Drift Creek Landing is a community on the south bank of the Alsea River, opposite the confluence of Drift Creek, a major Coast Range tributary joining the Alsea about 3.4 miles (5.5 km) east of Waldport, about 16 miles (26 km) south-southeast of Newport and 9 miles (15 km) northeast of Yachats, Oregon. The Alsea River takes its name from the historical Alsi people who lived around the extensive estuary. The river flows west-northwesterly in a winding course through the Siuslaw National Forest. The main stem of the river begins at the confluence of the North and South forks near the community of Alsea and from there flows approximately 43 miles (69 km) to the coast at Waldport. The total watershed area is about 470 square miles (1217 sq km). The river has historically supported major fisheries with important runs of salmonids including sea-run cutthroat trout, Chinook salmon, and steelhead trout. Since the decline in timber cutting in the 1990s, sports fishing provides modest support for businesses along the river. A variety of factors have contributed to significant declines in the wild fish populations of the watershed. These include human settlement, historical logging, road construction, hatchery management, ocean conditions, and fishing. Drift Creek was named for the accumulations of driftwood on its banks. The creek flows generally southwest for approximately 22 miles (36 km) draining a watershed of 43,160 acres (17,466 ha), mostly owned by Georgia-Pacific and the U.S. Forst Service. The watershed starts at an elevation of 2820 feet (859 m) and descends to the Alsea River estuary where the tidal range is about 7 feet (2 m).
Humans have inhabited the central Oregon coast for at least 3,000 years. This is relatively recent compared to 10,000 years documented at other sites in Oregon, however, evidence of earlier occupation may have been lost through a rise in post-glacial sea levels or alluvium deposits from flooded river valleys. The Alsi-Yaquina people occupied the Drift Creek watershed as part of their traditional tribal lands. By all accounts, the Alsi people were never numerous. Villages were composed of kin-groups, established in relatively isolated enclaves. With no records of identified permanent village sites, the main villages probably developed around Alsea Bay and along the Alsea River. The first contact with Europeans probably occurred in the late 1700s. Euro-American settlement in the Alsea valley began between 1852 and 1855. The more attractive agricultural lands were close to the Alsea River and were claimed first. In 1855, the U.S. government utilized a treaty to take native lands primarily to support additional Euro-American settlement, and this forced the relocation of the Alsi and Yaquina people to the Coast Indian Reservation. Traditional practices were discouraged, while European practices of agriculture and livestock grazing were introduced. Additional interest in claiming land was spurred by passage of the Homestead Act of 1862. In 1865, under pressure from entrepreneurs to develop a rail line to Yaquina Bay, and open more land for settlement by Euro-Americans, the Coast Indian Reservation was moved to the Siletz Reservation. By the 1930s, the original homesteaders were starting to retire to the larger coastal communities. The New Deal implemented a resettlement program, purchasing marginal agricultural lands, relocating families and many of the original homesteads were added to the Siuslaw National forest or acquired by logging companies. Georgia-Pacific acquired significant land holdings within the watershed in 1956, and large-scale commercial logging began between 1954 and 1959. The U.S. Forest Service began significant logging activities in the 1960s. In 1984, the Drift Creek Wilderness was established with an area of 5,798 acres (2,346 ha) in the upper Drift Creek watershed. In 2003, the U.S. Forest Service purchased the Lower Drift Creek area and is working with several partners including the Confederated Tribes of the Siletz to plan and implement an ecosystem restoration project that will enhance salmon habitat.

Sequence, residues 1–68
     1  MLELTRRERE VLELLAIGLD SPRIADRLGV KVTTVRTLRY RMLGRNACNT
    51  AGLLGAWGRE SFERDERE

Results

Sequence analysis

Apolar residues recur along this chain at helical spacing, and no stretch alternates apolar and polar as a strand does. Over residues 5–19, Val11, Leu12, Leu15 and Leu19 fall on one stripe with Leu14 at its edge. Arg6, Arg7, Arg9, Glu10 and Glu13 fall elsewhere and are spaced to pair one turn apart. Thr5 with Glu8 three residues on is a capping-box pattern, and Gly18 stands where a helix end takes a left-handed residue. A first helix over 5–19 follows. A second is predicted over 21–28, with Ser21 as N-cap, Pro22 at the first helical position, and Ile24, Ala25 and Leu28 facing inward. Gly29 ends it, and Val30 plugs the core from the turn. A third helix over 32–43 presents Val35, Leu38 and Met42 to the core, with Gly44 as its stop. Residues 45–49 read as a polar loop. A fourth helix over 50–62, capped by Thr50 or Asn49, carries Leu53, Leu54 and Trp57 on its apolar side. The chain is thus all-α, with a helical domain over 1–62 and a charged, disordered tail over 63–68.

Natural lowland habitats on the Oregon Coast have been compromised by historical land use such as clearcutting, loss of old-growth forests and associated habitats, road building, culverts that block natural streamflow and fish passage, river channel modifications, soil discing for tree plantations, monoculture forest regeneration, hillside slumping and erosion resulting from vegetation loss, invasive non-native plants, and construction of levees to convert marshes into pastures. The freshwater wetlands of Lower Drift Creek are rarely found along the Oregon Coast and provide additional off-channel habitat for juvenile salmonids. An emerging body of research has identified off-channel habitat as a limiting factor in coho and other salmonid life-cycle development. A complex range of over-wintering and nursery behaviors is showing a variation within the populations as to which lowland aquatic habitats are used to develop body mass and how salmonids reside in these locations. The saltwater wetlands of Lower Drift Creek are affected by tidal water levels fluctuations that flood the marsh with cooler water bringing food and nutrients and removing pollutants. Read more here and here. Explore more of Drift Creek and the Alsea River here: